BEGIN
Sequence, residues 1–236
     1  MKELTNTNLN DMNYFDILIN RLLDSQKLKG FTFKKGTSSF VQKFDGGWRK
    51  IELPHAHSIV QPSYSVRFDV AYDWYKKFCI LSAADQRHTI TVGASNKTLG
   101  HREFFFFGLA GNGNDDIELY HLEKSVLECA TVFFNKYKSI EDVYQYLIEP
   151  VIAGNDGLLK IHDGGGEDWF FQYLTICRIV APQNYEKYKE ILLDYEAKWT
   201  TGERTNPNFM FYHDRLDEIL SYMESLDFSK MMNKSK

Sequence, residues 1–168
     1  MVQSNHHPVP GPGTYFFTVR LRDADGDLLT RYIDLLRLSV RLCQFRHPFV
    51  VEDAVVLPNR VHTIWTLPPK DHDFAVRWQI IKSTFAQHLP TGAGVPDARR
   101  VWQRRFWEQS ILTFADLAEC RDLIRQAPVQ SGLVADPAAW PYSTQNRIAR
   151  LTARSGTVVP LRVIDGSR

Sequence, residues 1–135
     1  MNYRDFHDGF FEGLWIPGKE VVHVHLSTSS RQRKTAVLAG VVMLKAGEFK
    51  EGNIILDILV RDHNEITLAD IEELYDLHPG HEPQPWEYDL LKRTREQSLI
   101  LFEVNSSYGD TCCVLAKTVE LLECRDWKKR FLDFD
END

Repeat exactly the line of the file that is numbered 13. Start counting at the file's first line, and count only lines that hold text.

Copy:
     1  MNYRDFHDGF FEGLWIPGKE VVHVHLSTSS RQRKTAVLAG VVMLKAGEFK